Pin It
Carey Mulligan and Matthias Schoenaerts
Carey Mulligan and Matthias Schoenaerts in "Far From The Madding Crowd"Courtesy of 20th Century Fox UK

A costume drama for the Instagram generation

Director Thomas Vinterberg on bringing Thomas Hardy bang up to date for the big screen, and why being a woman is complicated nowadays

Far From the Madding Crowd might seem like a departure for experimental ex-Dogme practitioner Thomas Vinterberg, but you don’t have to look too deeply beneath the surface of his Thomas Hardy adaptation to find a modern edge.

The plot sees independent woman Bathsheba Everdene (Carey Mulligan) struggling to decide which of her three suitors (farmer, soldier, older sadsack) to settle down with – if any. If Everdene was around today, she’d probably be swiping left and right on Tinder because she’s so focused on her media career. We spoke to Vinterberg about the author’s sexism, Everdene’s feminism and about how to create a costume drama for the Instagram generation…

There’s a wonderful line in the film, where Bathsheba (Carey Mulligan) talks about the frustration of women having to express themselves using words created by men to express their own feelings. How do you approach writing female characters? I know you didn’t write this one, but in general…

Thomas Vinterberg: In my next film, The Commune, there’s a very strong female character, and I approach it like I approach everything in writing, with humbleness and a sense of exploration. How must it be to be inside a woman’s body? That is my main gasoline for everything I do.

Thomas Hardy’s Bathsheba Everdene was a very modern character. So I thought either he was very visionary, or life hasn’t changed much for women, and that was very interesting. Also, the films I’d done before had been very full of testosterone, very male-driven. I thought it was about time I explored the other sex. Professionally. (laughs)

Thomas Hardy is in an interesting character. In some critical circles, he’s considered sexist…

Thomas Vinterberg: Is he? I didn’t know.

I think mainly because his female characters suffer so much because of their decisions – they’re usually tragic characters, victims. But then other circles suggest that he’s simply reflecting what was happening at the time. How much research did you do into his work?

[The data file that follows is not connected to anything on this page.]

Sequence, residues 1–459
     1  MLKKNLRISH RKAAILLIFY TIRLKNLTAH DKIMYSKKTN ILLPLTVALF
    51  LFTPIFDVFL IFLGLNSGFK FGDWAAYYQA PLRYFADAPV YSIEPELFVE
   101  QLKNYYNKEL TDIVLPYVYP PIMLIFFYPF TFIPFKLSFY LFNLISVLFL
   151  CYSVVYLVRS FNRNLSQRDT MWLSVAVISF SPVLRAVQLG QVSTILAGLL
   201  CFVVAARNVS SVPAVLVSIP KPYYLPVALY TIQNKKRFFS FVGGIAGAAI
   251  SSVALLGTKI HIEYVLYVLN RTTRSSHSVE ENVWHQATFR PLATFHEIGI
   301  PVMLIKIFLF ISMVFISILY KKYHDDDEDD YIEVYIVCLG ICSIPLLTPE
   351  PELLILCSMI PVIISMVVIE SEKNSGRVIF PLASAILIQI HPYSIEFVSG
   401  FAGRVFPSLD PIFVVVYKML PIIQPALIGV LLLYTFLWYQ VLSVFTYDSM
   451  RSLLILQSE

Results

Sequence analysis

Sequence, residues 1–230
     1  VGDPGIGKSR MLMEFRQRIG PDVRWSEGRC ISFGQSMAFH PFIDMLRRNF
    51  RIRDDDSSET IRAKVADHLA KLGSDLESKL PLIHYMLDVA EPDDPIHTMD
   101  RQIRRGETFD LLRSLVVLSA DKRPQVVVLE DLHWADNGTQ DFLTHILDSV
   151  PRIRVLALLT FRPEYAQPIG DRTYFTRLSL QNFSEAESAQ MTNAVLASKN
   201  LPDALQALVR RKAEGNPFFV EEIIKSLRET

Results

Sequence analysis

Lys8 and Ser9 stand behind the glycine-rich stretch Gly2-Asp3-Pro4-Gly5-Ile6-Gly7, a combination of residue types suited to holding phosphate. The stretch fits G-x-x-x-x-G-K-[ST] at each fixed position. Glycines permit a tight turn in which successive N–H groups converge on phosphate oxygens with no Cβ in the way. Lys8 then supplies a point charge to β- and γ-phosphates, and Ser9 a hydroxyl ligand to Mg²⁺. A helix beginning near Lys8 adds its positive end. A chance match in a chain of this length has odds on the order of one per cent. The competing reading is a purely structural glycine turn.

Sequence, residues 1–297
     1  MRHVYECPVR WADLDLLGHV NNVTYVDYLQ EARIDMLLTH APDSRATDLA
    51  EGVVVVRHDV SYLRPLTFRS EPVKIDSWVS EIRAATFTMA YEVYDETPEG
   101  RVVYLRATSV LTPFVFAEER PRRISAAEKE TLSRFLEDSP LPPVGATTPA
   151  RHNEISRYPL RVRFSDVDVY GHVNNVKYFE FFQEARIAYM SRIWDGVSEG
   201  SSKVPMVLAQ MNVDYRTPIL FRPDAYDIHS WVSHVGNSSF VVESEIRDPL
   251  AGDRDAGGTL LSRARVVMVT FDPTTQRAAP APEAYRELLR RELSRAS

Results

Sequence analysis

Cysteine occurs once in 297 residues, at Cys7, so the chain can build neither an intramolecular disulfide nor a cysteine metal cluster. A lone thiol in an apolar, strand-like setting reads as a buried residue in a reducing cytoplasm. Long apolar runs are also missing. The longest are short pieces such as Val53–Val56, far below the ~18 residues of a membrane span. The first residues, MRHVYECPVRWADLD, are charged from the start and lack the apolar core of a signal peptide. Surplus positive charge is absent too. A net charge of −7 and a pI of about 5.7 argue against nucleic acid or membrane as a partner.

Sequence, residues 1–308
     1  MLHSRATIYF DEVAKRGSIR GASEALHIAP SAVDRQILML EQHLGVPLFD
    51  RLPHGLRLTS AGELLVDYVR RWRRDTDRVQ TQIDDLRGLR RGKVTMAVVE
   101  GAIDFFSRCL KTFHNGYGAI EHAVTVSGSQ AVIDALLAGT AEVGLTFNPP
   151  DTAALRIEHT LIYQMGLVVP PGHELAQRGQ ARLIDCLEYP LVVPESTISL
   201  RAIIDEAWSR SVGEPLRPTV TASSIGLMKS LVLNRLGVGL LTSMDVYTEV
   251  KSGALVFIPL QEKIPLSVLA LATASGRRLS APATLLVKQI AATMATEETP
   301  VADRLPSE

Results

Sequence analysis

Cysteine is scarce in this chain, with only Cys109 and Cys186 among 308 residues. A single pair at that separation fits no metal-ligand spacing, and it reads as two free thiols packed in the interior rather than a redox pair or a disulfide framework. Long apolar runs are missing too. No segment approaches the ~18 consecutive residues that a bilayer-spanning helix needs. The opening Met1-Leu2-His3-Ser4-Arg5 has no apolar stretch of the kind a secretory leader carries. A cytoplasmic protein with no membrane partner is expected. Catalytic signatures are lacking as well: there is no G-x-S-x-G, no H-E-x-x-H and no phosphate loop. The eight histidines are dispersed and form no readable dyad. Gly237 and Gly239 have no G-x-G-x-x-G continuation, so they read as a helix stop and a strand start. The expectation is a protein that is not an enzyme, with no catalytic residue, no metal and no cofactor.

Thomas Vinterberg: I did not do any. I decided to take a naive approach to this. I thought that was the point of asking a Dane (to do the film), I didn’t have the national heritage as a weight on my shoulders. I thought I could contribute honesty by approaching it in an uninfluenced way. I obviously read the book several times, but I didn’t do any analysis. Making a film has to come from the heart, possibly the genitals, but not so much from your head.

Bathsheba is actually a strong female character. What do you think of the state of female characters in cinema currently?

Thomas Vinterberg: My feeling is strong female characters are quite fashionable at the moment. But my feeling is it doesn’t change anything. Being a woman is complicated nowadays. It’s a combination of having to be strong and independent and careerist, but still being able to devote to a man. It’s very complicated, and I feel sorry for them.

In Denmark we have a lot of strong women – tall, beautiful, blonde, strong. But I find them struggling with being able to devote. It’s a virtue that I miss. This character, Bathsheba, learns that – this is her journey. Without, hopefully, letting go of her independence. Hopefully, they meld together at the end – I’ll leave it to the audience to judge if that’s a surrender as a woman, or making a richer and still independent life.

“Strong female characters are quite fashionable at the moment. But my feeling is it doesn’t change anything. Being a woman is a combination of having to be strong and independent and careerist, but still being able to devote to a man” – Thomas Vinterberg

There are several shots of nature in the film – an early shot of a tree, a snail on a plant, that could almost be Instagram pictures…

Thomas Vinterberg: Yeah.

That really roots it in the modern world in a really unusual way. What did those shots symbolise for you?

Thomas Vinterberg: The snail is definitely the oddest shot in the film, for me. In a way, it’s completely out of place. I think what makes it modern for me, is that we tried to get away from the sense of period – frocks and bonnets. We tried to dust it off by making it ring as truthfully, and as character-driven as possible, to get the layers into the character, and into the nature. To hear the grass grow, the snail crawl on the grass, to hear the river flow. We tried to make the landscapes talk with the characters, as Hardy does in the novel.

And fashion-wise, your Gabriel Oak could almost be from east London today.

Thomas Vinterberg: (laughs) That’s funny. I wanted to find that balance between being modern and contemporary in all departments – the writing of the dialogue, the costumes, the camera – we tried to stay loyal to Hardy and the period, and yet still interpret it through today’s eyes.